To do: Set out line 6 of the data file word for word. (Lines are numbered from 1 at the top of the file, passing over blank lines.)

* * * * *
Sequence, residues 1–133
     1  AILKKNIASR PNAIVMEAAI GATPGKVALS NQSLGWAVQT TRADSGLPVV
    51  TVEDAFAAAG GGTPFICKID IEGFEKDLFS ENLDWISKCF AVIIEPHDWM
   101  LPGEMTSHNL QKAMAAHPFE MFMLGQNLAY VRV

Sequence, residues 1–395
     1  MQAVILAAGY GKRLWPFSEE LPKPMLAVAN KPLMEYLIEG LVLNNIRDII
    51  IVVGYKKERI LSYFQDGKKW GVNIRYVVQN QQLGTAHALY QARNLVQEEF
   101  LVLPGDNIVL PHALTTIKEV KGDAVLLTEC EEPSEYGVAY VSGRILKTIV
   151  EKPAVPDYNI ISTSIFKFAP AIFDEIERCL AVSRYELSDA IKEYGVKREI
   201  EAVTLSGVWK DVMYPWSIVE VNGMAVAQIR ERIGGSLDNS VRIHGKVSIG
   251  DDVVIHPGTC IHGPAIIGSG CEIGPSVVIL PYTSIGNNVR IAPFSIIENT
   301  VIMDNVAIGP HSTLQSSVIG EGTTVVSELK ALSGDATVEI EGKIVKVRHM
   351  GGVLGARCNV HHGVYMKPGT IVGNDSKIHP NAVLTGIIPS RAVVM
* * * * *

     1  MQAVILAAGY GKRLWPFSEE LPKPMLAVAN KPLMEYLIEG LVLNNIRDII